“When Jesus had finished these parables, he left that place. He came to his hometown and began to teach the people in their synagogue, so that they were astounded and said, “Where did this man get this wisdom and these deeds of power? Is not this the carpenter’s son? Is not his mother called Mary? And are not his brothers James and Joseph and Simon and Judas? And are not all his sisters with us? Where then did this man get all this?” And they took offense at him. But Jesus said to them, “Prophets are not without honor except in their own country and in their own house.” And he did not do many deeds of power there, because of their unbelief.” (Matthew 13:53-58)
WHAT DEEDS OF POWER ARE WE MISSING?
It turns out that some of the people who were most skeptical of and offended by Jesus were the people with whom he had grown up - the people who knew him, his parents, his brothers, and his sisters.
“Hey, I was with Jesus in Hebrew School from first grade and all the way through high school, and now he is preaching in all the synagogues? I don’t remember being that impressed with him or his family. What gives?” Or, as they put it, “Where did this man get this wisdom and these deeds of power?” (see above)
It makes me wonder what healing, amazing teaching, or other “deeds of power” we miss because our hearts and minds and ears are not open, because we have assessed another person and found him or her to be not worthy of our time. They are from the wrong part of the country or from the wrong country. They are too soft-spoken, too loud, too pushy, not pushy enough, of the wrong race, of the wrong religion, dressed too poorly, dressed too richly, their hair is too long, their hair is too short, they went to the wrong school, they didn’t have enough schooling, they have a funny accent, their first language is not English, they are too young, they are too old, etc., etc., etc.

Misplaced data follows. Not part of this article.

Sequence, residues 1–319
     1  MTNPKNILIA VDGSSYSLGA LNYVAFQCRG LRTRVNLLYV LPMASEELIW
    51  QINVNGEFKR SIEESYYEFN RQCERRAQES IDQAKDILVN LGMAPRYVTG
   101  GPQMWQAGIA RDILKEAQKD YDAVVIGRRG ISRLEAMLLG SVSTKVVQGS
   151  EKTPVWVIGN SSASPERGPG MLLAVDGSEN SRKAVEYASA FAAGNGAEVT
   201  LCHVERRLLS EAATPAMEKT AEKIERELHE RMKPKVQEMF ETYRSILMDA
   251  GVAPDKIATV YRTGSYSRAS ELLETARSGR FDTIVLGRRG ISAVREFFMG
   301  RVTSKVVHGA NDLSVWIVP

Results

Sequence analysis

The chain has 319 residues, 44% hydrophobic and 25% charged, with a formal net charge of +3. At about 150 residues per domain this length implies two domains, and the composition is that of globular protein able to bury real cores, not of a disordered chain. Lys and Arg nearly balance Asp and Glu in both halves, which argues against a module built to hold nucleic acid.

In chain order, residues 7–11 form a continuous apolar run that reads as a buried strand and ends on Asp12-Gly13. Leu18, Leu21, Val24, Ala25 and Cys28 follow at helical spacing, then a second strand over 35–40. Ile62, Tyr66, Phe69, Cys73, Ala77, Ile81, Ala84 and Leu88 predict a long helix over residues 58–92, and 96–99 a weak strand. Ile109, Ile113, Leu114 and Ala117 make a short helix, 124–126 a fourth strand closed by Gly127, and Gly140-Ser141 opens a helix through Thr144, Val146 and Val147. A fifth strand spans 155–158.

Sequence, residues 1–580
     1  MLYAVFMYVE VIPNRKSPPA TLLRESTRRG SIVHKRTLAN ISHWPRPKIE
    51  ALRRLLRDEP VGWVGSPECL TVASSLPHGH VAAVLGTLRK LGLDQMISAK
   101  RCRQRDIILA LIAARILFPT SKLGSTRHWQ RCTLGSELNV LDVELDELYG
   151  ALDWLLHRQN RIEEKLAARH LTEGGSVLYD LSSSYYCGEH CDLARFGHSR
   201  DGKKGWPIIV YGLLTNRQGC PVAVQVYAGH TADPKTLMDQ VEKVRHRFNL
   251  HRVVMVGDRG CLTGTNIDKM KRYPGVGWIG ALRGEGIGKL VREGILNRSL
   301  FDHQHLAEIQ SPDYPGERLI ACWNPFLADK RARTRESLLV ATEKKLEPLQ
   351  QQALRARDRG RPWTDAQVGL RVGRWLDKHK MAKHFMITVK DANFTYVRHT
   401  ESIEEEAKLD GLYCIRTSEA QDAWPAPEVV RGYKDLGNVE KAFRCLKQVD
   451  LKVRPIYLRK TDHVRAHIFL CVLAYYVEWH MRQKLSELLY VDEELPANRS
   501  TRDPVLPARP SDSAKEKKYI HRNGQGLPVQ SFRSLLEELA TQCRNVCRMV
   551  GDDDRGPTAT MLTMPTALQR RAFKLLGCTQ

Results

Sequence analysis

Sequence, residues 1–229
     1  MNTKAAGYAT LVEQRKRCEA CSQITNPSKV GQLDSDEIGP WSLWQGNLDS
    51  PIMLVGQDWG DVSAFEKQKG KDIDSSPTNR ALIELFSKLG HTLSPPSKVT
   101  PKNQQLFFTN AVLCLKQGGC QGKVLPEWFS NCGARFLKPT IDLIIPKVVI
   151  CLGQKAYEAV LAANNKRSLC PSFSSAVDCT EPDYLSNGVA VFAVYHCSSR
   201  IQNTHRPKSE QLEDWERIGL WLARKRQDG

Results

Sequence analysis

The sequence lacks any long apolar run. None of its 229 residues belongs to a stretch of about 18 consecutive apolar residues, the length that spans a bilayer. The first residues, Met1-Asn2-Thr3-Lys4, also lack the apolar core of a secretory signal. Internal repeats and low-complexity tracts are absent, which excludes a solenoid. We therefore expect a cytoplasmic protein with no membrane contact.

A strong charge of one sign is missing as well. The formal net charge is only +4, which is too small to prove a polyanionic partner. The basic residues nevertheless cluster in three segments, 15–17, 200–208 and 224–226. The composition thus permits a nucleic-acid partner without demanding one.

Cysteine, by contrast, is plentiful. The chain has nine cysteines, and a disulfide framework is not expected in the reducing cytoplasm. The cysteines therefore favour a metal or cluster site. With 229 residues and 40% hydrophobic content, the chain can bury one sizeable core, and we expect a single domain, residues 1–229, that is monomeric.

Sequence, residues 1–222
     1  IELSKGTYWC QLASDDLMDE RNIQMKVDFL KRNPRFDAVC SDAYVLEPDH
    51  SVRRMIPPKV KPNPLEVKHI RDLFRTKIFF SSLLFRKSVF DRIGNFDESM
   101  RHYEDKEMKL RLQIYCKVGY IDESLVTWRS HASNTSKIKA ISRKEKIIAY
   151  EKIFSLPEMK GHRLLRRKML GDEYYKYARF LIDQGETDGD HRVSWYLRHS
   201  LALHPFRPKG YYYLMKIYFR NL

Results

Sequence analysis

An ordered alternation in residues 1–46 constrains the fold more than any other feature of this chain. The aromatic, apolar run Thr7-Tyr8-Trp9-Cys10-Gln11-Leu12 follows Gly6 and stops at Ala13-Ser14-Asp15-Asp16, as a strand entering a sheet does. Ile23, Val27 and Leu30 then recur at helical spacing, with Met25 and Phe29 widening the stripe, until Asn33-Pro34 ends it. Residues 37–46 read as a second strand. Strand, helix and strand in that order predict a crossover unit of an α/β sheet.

What opportunities for transformation and healing... what opportunities to be on the receiving end of deeds of power are we missing because the teacher/healer/sage does not meet our pre-established list of what traits they should have? More than that, from what people do we tend to take offense, even when they are not giving offense?
After reading the story of Jesus and the people of Nazareth, I wonder about these kinds of things.
I leave you with three quotes which I believe are related to this reading:
“Suspicion will always find evidence for what it suspects.” (Richard Rohr)
“We cause as much pain by taking offense, as by giving it.” (Eleanor Roosevelt)
“Sin happens whenever we refuse to keep growing.” (St. Gregory of Nyssa - 4th century)